The Victorian Government is withdrawing funding for new coal-powered generators and will review past development projects, after attempts to attract investment with a demonstration power plant failed.

Shanghai Electric Australia had proposed a $119 million plant to turn brown coal into briquettes, but the project did not meet its first milestone for private funding and has now been shelved.

It means $25 million in state and federal funding has been withdrawn from the project as well.

The Andrews Government wants to know whether similar future efforts will be worth it, and so has announced a review of “previous government programs for coal development”.

It has also pledged to release a new coal policy in 2016.

Victoria’s industry minister Lily D'Ambrosio says any new policy will incorporate findings from the review, recommendations from the Hazelwood Mine Fire Inquiry, and the government’s climate change review.

“Major energy companies, including AGL, GDF Suez and Origin Energy, have already announced they will not be investing in new coal-fired power stations,” Ms D’Ambrosio said.

“Victoria needs to plan for this transition, and the government’s independent review of coal projects will help achieve that.”

The move has been welcomed by Environment Victoria and the Minerals Council of Australia (MCA) – two groups that typically stand in opposition to each other.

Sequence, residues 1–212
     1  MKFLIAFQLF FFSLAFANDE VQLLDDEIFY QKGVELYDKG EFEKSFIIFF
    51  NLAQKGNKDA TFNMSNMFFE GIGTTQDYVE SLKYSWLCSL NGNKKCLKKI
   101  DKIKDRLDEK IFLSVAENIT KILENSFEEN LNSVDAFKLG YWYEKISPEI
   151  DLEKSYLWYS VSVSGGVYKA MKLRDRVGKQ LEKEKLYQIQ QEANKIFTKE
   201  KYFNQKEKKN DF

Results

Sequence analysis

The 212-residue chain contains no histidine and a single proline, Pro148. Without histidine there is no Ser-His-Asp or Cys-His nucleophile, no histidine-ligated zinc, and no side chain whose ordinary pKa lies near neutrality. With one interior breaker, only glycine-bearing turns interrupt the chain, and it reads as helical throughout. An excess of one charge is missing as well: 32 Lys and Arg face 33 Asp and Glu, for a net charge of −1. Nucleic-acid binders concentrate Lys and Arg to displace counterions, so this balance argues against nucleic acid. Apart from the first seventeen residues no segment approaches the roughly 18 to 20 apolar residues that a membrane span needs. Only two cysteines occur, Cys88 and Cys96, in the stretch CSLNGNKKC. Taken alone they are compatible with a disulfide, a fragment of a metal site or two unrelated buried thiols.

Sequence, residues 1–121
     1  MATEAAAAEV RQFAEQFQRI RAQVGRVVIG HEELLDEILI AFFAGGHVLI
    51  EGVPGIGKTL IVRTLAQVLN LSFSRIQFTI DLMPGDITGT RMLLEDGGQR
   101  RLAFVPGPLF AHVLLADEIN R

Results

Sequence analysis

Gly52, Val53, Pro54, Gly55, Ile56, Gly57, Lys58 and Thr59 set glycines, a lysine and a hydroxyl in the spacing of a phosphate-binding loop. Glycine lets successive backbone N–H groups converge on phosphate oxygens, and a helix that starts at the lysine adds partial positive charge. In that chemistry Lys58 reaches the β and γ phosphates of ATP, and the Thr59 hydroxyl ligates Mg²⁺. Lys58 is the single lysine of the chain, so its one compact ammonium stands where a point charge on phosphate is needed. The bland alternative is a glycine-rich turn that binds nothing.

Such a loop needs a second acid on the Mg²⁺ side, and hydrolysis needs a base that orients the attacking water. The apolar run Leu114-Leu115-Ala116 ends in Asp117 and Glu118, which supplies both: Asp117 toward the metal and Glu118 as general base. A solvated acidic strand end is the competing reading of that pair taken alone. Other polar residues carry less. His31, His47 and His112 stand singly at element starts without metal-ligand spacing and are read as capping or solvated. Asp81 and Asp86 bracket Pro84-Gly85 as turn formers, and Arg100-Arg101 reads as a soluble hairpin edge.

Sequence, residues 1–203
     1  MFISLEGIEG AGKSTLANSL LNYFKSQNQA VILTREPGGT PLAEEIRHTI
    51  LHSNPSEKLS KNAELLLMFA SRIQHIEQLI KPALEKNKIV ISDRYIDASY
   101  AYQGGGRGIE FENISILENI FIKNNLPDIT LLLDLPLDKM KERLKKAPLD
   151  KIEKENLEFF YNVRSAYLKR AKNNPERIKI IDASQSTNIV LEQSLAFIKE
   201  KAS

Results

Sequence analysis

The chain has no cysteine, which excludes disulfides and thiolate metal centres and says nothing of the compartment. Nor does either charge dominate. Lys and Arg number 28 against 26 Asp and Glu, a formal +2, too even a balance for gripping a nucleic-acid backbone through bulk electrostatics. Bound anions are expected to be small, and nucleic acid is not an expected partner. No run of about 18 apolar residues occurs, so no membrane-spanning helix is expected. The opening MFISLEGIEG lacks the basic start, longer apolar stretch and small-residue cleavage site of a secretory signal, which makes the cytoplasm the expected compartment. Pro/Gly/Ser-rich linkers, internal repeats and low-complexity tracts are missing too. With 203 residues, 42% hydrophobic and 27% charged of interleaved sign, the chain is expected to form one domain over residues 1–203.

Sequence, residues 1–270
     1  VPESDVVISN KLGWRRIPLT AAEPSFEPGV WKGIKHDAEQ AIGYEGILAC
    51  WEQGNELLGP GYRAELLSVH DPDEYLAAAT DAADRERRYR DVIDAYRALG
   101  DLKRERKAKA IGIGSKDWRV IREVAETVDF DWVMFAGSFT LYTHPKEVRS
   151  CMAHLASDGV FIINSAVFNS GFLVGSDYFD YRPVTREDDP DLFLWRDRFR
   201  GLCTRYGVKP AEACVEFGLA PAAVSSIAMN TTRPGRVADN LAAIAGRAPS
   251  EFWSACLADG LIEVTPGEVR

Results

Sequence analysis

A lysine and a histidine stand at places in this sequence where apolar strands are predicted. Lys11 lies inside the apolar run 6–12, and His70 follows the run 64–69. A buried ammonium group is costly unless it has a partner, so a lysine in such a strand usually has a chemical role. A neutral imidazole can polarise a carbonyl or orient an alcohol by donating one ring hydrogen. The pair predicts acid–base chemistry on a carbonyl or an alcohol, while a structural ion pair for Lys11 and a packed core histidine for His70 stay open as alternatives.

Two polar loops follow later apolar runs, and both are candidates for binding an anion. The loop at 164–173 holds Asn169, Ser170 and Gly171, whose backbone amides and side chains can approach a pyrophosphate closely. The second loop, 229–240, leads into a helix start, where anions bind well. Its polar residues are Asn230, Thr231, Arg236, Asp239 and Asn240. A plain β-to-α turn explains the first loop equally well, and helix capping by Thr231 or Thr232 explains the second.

Environment Victoria says the government should use the spare funding from the failed pilot project to look at other plans for the Latrobe Valley.

The MCA has issued a statement saying the previous government’s coal allocation process remained incomplete.

“It therefore is pleasing that the Andrews Government is now looking to develop a new coal policy to consider the economic, social and environmental factors of future brown coal projects in Victoria,” the statement read.

“This important initiative will give both the industry and the people of the Latrobe Valley certainty about the future of brown coal in Victoria.”

The MCA pointed to a new OECD arrangement encouraging export credit agencies in developed economies to put up funds for new coal-fired technologies, like High Efficiency Low Emissions (HELE) coal plants.

“The agreement is good news for Australia, not least because these ‘HELE’ plants require higher quality coal which is Australia’s speciality,” MCA executive director Greg Evans said.

“The nature of Australia’s high energy coal means that it further reduces emissions by 10 to 20 per cent.

“This is why the 2015 IEA World Energy Outlook released earlier this month predicted that Australian coal exports would grow by 37 per cent by 2040.”